SciELO - Scientific Electronic Library Online

 
vol.23 suppl.1An easy way to estimate energy expenditure from hemodynamic data in septic patientsSinus node function in patients operated for mitral valve disease: indirect evaluation with epimyocardial electrodes author indexsubject indexarticles search
Home Pagealphabetic serial listing  

Services on Demand

Journal

Article

Indicators

Related links

Share


Acta Cirurgica Brasileira

Print version ISSN 0102-8650On-line version ISSN 1678-2674

Acta Cir. Bras. vol.23  suppl.1 São Paulo  2008

http://dx.doi.org/10.1590/S0102-86502008000700020 

20–CLINICAL RESEARCH
ORIGINAL ARTICLE
PRÉ AND POST–OPERATIVE CARE

 

Indirect calorimetry can be used to measure cardiac output in septic patients?1

 

A calorimetria indireta pode ser utilizada para medir o débito cardíaco em pacientes sépticos?

 

 

Maria Auxiliadora MartinsI; Francisco Antônio ColettoII; Antônio Dorival CamposIII; Anibal Basile–FilhoIV

IMD, PhD and Surgeon–in–Chief, Division of Intensive Care Unit, Department of Surgery and Anatomy, Ribeirão Preto Faculty of Medicine, University of São Paulo, Brasil
IIMD, PhD, Division of Intensive Care Unit, Department of Surgery and Anatomy, Ribeirão Preto Faculty of Medicine, University of São Paulo, Brazil
IIIMD, PhD, Department of Social Medicine, Ribeirão Preto Faculty of Medicine, University of São Paulo, Brazil
IVAssociate Professor, Division of Intensive Care Unit, Department of Surgery and Anatomy, Ribeirão Preto Faculty of Medicine, University of São Paulo, Brazil

Correspondence

 

 


ABSTRACT

PURPOSE: The aim of this study was to compare two different cardiac output (CO) monitoring systems based on the thermodilution principle (Thermo–CO) and indirect calorimetry (Fick mixed–CO) in septic patients.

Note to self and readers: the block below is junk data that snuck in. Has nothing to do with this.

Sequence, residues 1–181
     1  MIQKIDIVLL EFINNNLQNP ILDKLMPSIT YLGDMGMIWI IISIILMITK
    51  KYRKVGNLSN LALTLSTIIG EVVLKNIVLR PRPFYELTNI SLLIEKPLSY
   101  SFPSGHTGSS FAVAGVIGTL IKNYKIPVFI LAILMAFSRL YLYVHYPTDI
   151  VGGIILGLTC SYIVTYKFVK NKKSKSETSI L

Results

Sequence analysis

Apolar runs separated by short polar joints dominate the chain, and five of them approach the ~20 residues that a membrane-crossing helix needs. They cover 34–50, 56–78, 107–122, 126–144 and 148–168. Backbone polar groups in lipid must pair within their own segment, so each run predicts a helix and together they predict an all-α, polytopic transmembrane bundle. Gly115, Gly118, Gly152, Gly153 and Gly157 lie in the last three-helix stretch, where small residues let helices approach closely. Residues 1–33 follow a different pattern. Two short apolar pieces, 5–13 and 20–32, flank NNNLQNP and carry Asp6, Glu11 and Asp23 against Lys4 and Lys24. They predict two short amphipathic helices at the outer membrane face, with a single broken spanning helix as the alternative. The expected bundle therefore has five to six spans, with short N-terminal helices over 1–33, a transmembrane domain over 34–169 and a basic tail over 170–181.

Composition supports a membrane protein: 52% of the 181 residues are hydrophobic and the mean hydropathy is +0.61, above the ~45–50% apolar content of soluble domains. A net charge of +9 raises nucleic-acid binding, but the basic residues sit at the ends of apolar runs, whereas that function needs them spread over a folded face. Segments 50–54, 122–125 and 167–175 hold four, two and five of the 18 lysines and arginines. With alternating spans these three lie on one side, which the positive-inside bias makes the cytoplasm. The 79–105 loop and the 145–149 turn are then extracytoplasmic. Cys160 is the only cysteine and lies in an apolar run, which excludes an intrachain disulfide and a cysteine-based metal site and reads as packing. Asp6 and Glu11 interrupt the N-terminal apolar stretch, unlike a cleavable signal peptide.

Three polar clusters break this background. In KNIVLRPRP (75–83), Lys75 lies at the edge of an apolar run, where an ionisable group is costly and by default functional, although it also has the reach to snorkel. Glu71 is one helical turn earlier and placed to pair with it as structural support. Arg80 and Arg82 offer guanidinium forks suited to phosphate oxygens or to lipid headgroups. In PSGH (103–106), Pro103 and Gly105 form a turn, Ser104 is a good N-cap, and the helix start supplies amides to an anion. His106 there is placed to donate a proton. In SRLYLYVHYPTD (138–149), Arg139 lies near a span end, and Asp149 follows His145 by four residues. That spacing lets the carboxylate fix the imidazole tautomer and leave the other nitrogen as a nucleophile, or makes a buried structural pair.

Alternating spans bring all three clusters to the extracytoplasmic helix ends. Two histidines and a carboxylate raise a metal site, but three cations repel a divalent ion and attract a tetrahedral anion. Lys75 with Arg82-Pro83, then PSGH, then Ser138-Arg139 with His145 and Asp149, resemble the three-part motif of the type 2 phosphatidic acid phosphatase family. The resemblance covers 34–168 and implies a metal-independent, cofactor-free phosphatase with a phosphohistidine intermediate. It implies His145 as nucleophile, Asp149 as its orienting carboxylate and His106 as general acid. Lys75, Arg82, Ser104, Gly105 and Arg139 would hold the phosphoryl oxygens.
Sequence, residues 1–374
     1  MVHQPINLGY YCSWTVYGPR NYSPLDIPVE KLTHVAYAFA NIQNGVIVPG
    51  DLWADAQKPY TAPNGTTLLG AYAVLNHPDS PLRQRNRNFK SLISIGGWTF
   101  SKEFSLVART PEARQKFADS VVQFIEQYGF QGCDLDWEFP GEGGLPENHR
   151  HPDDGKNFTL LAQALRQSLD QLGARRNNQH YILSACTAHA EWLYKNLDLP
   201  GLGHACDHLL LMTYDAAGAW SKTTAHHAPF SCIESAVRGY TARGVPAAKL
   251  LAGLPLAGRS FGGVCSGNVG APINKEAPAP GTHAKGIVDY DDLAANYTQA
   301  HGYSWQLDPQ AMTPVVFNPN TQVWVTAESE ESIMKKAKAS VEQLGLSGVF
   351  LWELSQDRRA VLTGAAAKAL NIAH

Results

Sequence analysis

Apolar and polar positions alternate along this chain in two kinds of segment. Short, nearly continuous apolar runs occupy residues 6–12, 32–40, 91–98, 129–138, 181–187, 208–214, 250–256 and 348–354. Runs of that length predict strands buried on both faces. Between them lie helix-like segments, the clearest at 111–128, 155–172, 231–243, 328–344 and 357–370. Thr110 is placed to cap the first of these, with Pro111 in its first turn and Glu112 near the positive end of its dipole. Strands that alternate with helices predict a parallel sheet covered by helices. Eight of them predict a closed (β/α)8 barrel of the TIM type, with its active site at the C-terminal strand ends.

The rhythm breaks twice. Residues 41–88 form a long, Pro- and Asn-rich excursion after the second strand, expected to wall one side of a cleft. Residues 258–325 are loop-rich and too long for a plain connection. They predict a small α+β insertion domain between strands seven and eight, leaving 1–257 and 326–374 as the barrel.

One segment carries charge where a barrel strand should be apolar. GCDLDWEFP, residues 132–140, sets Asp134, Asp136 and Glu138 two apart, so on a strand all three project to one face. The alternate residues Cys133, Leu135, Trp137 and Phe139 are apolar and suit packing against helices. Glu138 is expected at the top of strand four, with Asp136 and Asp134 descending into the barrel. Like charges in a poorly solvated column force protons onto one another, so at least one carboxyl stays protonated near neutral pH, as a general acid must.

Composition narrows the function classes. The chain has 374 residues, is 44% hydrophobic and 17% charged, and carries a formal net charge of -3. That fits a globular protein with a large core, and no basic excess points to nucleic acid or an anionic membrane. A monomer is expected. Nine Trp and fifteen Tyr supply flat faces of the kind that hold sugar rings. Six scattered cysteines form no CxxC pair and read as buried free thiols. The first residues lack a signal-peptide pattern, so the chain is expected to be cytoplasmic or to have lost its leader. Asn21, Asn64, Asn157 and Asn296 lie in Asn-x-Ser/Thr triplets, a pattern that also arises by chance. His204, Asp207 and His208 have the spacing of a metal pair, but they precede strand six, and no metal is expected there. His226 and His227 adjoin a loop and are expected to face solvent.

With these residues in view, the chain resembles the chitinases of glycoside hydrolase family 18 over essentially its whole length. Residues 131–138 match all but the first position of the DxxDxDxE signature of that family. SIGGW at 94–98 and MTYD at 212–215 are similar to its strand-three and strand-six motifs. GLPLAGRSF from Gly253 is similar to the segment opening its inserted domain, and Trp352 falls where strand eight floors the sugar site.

METHODS: Prospective study in septic patients admitted in an intensive care unit of a university hospital. Nineteen patients aged on average 45.4 ± 21.5 years were enrolled in the study. Four series of hourly measurements by the two techniques were carried out simultaneously.
RESULTS: No significant differences were observed between Thermo–CO and Fick mixed–CO (7.0 ± 1.8 L.min–1 and 6.4 ± 1.7 L.min–1.). Parallel analysis of Fick mixed–CO and Fick atrial–CO was performed introducing a correction factor for the eight atrial samples in order to adjust the values of oxygen saturation obtained from atrial blood (Fick corrected atrial–CO) to those obtained from mixed venous blood. No significant differences could be detected between Fick mixed–CO and Fick corrected atrial–CO. The correlation coefficients of Thermo CO/Fick mixed–CO and Fick mixed–CO/Fick corrected atrial–CO were 0.84 and 0.94, respectively.
CONCLUSION: We observed that the agreement between the two methods was satisfactory on the basis of the decisions made for treatment. Indirect calorimetry is useful to measure CO in patients with septic shock.

Key words: Indirect Calorimetry. Cardiac Output. Septic Shock. Intensive Care Setting.


RESUMO

OBJETIVO: O objetivo deste estudo foi comparar as medidas do débito cardíaco (DC) obtidas pela termodiluição (DC–termo) e pela calorimetria indireta (DC–Fick misto) em pacientes com choque séptico.
MÉTODOS: Estudo prospectivo em pacientes sépticos internados em unidade de terapia intensiva de um hospital universitário. Foram estudados 19 pacientes (45,4 ± 21,5 anos). Foram realizadas quatro séries de medidas do DC pelos dois métodos, simultaneamente.
RESULTADOS: Não houve diferenças significativas entre os valores do DC–termo e DC–Fick misto (7,0 ± 1,8 L.min–1 e 6,4 ± 1,7 L.min–1, respectivamente). Na avaliação dos oito casos (DC–Fick misto/DC Fick atrial), introduziu–se um fator de correção para aproximar os valores do conteúdo de O2 atrial (DC–Fick atrial corrigido) com o venoso misto. Não houve diferença significativa do DC–Fick misto e DC–Fick atrial corrigido nos 4 tempos. A correlação foi de 0.84 para o DC–termo/DC–Fick misto e de 0.94 para o DC–Fick misto/DC–Fick atrial corrigido.
CONCLUSÃO: A calorimetria indireta é um bom método para a medida do DC em pacientes vítimas de choque séptico, sobretudo nos casos onde a monitorização hemodinâmica invasiva não está disponível ou está contra indicada.

Descritores: Calorimetria Indireta. Débito Cardíaco. Choque Séptico. Unidade de Terapia Intensiva.


 

 

Introduction